A new coat of paint can do wonders to revamp your decor. And you’ll be amazed to see how far one cheap can of Rustoleum spray paint can go.
My old and tarnished porch light, floor lamp and dresser pulls were instantly transformed. Now they look like new and I saved a lot of money by not having to replace them. And that makes thrifty me very happy!
At my local hardware store, Rustoleum spray primer and enamel each cost around $4 including tax. The coverage is really great and it comes in several different colors and finishes. I prefer enamel gloss but you can also get matte.
Spray painting is easy to do, keeping a couple of simple things in mind. Following are the step by step photos and a breakdown of how much money I saved on each project, totaling over $200.
How to spray paint metal lights, lamps and knobs
- Clean the surface by washing with soap and water or by using glass cleaner
- Lightly sand to give it some tooth
- Either mask off the area (if painting in place) or put the items on top of a large piece of cardboard
- Paint outside if possible
- Begin spraying before the piece, sweep across it and finish beyond the piece. Try to go at an even speed.
- Use spray primer first. Do two coats, letting it dry for a few minutes in between. Follow up with two coats of the spray enamel.
- Several light coats are better than one heavy coat
Porch light “before” photo
With the outside of the house being recently painted, the old black mailbox and tarnished porch light needed attention. After all, they’re right by the front door, and that’s the first thing visitors see.
I was able to get the mailbox looking pretty good by just cleaning it and switching out the rusty handle. The 15 year old porch light, however, needed more than cleaning.
Porch light taken apart and cleaned
I unscrewed the bottom so I could remove the glass inserts and set them aside. The other pieces were placed on cardboard for painting.
Light fixture masked off
Using painter’s tape, I covered up the light socket. Then I took a large piece of brown packing paper and taped it around the fixture.
Primer coat applied
The light fixture and these loose pieces got two coats of primer.
Porch light sprayed with gloss enamel
Everything was sprayed with two coats of black gloss enamel paint.
Masking paper and tape removed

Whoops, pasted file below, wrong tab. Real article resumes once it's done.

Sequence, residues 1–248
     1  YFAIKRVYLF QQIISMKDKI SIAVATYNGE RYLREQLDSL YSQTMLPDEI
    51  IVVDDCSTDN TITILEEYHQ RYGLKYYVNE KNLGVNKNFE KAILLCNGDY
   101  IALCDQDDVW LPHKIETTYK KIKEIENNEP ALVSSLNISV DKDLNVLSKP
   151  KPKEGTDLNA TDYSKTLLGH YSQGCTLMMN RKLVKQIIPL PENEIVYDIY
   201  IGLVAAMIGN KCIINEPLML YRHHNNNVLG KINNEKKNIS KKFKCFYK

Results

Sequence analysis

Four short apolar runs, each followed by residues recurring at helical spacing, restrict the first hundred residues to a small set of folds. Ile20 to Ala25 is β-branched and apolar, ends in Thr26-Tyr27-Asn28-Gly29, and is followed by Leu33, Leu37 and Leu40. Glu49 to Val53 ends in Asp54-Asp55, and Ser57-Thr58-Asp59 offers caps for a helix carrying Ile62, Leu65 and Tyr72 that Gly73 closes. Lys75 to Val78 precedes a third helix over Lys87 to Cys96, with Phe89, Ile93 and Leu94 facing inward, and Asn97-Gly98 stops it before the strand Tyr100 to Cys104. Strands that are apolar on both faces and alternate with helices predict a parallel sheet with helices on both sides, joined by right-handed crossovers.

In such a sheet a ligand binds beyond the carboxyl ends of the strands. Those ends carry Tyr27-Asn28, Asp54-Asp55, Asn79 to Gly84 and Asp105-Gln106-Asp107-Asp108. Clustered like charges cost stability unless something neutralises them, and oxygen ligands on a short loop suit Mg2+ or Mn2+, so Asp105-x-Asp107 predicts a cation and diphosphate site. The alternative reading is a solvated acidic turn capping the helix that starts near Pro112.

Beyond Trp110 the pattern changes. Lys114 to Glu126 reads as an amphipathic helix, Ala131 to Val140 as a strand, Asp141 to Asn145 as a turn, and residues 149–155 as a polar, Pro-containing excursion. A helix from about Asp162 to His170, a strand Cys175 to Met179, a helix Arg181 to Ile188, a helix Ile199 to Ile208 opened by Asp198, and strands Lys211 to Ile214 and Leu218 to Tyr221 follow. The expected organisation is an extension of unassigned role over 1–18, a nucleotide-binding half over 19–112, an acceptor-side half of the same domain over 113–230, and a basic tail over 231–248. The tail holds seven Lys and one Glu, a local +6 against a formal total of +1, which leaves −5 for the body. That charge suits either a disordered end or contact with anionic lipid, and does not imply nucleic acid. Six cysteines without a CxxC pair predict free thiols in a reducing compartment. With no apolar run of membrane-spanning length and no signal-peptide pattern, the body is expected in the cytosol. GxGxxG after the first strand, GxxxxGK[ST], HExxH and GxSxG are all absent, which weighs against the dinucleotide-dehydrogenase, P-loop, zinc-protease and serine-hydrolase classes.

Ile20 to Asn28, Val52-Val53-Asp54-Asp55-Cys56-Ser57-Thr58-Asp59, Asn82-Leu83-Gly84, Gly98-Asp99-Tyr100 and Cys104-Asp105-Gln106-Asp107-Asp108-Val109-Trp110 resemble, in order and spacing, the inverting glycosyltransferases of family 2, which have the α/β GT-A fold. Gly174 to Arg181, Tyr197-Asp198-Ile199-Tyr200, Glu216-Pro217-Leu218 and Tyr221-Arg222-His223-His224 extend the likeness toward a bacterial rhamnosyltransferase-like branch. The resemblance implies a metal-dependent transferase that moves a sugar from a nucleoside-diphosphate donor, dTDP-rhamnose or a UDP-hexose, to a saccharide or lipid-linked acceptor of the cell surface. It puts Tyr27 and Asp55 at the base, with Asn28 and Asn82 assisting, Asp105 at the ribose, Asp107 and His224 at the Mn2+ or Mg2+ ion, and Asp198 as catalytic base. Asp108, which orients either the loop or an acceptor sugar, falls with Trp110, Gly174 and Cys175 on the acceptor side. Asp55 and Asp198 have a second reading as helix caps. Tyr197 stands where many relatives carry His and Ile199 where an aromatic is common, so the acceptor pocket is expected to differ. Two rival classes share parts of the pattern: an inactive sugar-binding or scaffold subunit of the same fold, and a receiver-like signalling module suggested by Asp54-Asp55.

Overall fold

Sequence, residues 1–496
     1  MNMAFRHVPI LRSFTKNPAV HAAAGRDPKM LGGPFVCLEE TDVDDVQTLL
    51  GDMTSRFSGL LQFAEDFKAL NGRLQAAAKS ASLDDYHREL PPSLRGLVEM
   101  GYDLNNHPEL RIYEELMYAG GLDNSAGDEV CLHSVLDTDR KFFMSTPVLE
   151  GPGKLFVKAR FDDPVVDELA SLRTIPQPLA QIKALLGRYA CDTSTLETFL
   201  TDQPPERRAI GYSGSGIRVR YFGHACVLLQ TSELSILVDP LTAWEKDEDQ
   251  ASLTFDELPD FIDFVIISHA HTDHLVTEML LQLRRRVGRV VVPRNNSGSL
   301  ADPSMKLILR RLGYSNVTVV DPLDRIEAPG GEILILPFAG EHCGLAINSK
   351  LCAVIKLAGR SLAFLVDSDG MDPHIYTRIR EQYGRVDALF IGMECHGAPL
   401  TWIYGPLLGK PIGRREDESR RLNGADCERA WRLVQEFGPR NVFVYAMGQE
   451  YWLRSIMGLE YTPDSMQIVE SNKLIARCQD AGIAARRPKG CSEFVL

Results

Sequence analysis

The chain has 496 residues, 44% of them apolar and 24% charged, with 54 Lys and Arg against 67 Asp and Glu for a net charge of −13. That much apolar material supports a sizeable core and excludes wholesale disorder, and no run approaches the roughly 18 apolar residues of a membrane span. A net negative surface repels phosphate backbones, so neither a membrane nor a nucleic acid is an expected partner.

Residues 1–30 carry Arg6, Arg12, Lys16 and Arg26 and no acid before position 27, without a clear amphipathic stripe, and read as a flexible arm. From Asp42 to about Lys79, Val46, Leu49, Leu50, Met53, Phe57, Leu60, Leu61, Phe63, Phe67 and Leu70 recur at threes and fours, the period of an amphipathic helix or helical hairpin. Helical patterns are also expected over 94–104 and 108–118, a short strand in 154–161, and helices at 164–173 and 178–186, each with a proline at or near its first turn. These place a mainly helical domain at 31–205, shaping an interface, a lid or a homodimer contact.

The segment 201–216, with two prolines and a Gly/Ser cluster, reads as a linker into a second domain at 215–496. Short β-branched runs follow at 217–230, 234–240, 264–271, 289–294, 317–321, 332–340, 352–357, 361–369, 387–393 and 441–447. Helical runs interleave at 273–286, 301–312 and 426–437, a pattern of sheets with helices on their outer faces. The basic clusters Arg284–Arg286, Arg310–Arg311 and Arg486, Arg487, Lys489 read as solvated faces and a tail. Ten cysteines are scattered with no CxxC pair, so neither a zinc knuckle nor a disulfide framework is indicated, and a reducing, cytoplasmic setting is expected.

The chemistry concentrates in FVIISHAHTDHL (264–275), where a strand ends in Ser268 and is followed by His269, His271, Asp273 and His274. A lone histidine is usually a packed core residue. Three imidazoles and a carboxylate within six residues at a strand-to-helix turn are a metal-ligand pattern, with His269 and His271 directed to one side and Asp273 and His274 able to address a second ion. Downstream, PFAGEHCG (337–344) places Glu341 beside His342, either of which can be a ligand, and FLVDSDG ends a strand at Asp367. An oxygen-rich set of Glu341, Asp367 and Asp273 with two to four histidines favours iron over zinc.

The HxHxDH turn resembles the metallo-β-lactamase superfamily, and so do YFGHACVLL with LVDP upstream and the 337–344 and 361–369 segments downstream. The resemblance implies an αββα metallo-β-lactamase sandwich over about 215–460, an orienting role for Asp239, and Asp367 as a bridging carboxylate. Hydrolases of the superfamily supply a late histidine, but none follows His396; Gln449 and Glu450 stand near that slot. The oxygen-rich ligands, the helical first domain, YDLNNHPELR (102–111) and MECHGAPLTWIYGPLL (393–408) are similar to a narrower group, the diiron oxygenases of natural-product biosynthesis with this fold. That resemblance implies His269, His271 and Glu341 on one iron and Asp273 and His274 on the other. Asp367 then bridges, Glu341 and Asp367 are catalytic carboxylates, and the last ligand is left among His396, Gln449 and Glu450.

Porch light “after” photo
Everything put back together. Looks like new!
Floor lamp “before” photo
This torchiere lamp is about 20 years old. The gold finish is tarnished and wearing off.
Here the shade was removed prior to being spray painted. I also masked off part of the cord.
Once again, two coats of primer and two coats of paint.
Floor lamp “after” photo
All shiny and new. Maybe it will last another 20 years!
Furniture pulls and knobs
Dresser pulls “before” photo
These brass dresser pulls are nearly 50 years old. They were really gunky and gross. This is what they looked like after being cleaned. I wanted to give them a more modern look by painting them shiny black.
Dresser knobs “before” photo
The dresser also had knobs.
In this picture you can see that the knobs are screwed onto cardboard for painting. Once again, these received two coats of primer and paint.
Dresser “after” photo with handles and knobs installed
The directions on the can of spray gloss say that you can apply a sealer on top. I called Rustoleum to find out if that was necessary. Since handles get a lot of “handling,” I didn’t want black paint rubbing off. They told me that was an optional step so I skipped it. After several months of use, I’m happy to report that there is definitely no paint transfer. I’m very pleased with the durability as well as the look.
The dresser also had a matching chest of drawers. Altogether there were 21 pulls and 24 knobs.
Breakdown of savings
Total savings: $270.50
Based on the prices in effect today, I would have paid:
$24.00 porch light
$78.00 floor lamp
$153.50 furniture handles and knobs (45 pieces)
-$8.00 primer and spray paint
$270.50 grand total
Now that’s a pretty good return on investment!